Determining copyright on the Internet can be complex. The basic rule is that if you didn’t create a piece of content, then you need to make sure that it was published with a license that grants permission for you to use it. There are several exceptions to that rule: most notably fair use, but in general, publishers, including bloggers, should avoid using works with uncertain copyright status.
Of course, that’s easier said than done. Just because you find a photograph that appears to have a permissive license, it doesn’t follow that you’re safe. It’s entirely possible that a third party has taken someone else’s work and released it as their own.
For site owners who allow others to publish on their sites, the problem is compounded. It can be time consuming to ensure that every piece of content on a large site has the correct license.
If you inadvertently publish copyright infringing content on your site or blog, the first you’re likely to know about it is when the content is removed from the web by your hosting provider. You’ll also receive a notification from your host that they have been sent a DMCA Takedown notice.
The Digital Millennium Copyright Act is intended to protect content creators from copyright infringement. One of the tools it provides is the takedown notice. This is a standard legal letter the content creator sends to the hosting company. In almost all cases, the hosting company will remove the content and send you a notification. As you can imagine, there is considerable scope for abuse here, but often the notice will be sent in good faith.
You might be inclined to get angry with your hosting company, but there’s not a lot they can do about it. They aren’t making any judgment about whether the content really does infringe copyright. The DMCA grants hosts “safe harbor” status, provided they remove material when they receive a takedown notice. The alternative would be web hosting companies being responsible for every piece of infringing content on their servers, which most hosting companies could not survive.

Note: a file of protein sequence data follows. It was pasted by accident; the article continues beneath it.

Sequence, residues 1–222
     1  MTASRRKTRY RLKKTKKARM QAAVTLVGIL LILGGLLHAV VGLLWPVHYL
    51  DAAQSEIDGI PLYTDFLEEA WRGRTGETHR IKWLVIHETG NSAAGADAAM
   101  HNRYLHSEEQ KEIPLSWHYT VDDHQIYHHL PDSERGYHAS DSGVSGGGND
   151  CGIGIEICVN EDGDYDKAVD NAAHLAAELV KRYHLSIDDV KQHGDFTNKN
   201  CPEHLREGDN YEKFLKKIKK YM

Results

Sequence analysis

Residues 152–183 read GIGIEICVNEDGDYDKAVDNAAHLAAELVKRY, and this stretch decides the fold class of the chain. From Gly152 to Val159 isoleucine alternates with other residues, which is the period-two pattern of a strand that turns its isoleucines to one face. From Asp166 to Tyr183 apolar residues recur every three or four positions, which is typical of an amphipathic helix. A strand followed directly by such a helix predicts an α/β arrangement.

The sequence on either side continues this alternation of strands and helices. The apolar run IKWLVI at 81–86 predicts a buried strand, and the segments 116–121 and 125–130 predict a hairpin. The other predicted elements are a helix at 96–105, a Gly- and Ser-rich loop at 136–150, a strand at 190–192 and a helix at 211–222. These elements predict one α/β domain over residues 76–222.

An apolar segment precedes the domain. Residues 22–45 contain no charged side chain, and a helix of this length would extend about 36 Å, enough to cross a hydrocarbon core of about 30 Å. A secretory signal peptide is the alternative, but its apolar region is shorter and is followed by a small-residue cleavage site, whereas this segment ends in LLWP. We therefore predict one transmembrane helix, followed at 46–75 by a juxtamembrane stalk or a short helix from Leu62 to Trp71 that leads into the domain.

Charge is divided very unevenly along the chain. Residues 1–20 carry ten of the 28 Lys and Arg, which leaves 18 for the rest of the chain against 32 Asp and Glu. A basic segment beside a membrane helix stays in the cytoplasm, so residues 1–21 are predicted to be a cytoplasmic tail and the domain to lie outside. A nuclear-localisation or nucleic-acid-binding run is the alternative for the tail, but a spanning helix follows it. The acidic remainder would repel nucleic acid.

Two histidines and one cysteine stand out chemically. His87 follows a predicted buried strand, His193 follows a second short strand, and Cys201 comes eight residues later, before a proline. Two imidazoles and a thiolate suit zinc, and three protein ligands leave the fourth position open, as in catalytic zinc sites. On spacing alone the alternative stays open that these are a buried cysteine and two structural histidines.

The first thing is not to panic. If your site does contain infringing material, and it’s removed, then that’s almost always the last you’ll hear about it — especially if you’re a blogger with a small audience.
The DMCA Counter Notice
But what if you believe you have no infringing content on your site, or that the content removed is covered by an exception to copyright law like fair use? In that case, you have a decision to make. The DMCA includes a way for publishers to respond to takedown notices: the DMCA Counter Notice.
A Counter Notice, which you send to your web hosting company, asserts your right to publish the content in question. After receiving the Counter Notice, the hosting company must restore the content, unless the complainant sues you within two weeks.
You should be certain that the content does not infringe copyright before sending a Counter Notice, which is a legal document that states — under penalty of perjury — that you believe the content should not have been removed. You can get in a lot of trouble for sending a Counter Notice that you know to be false, not to mention that the Counter Notice may trigger a lawsuit that you would have to defend.
If you’re confident that the Takedown Notice is spurious or simply wrong, you should by all means send a Counter Notice, but if you have doubts about the true copyright status of the content, you should take care. In all cases, you will be safer if you seek legal advice.Posted in: General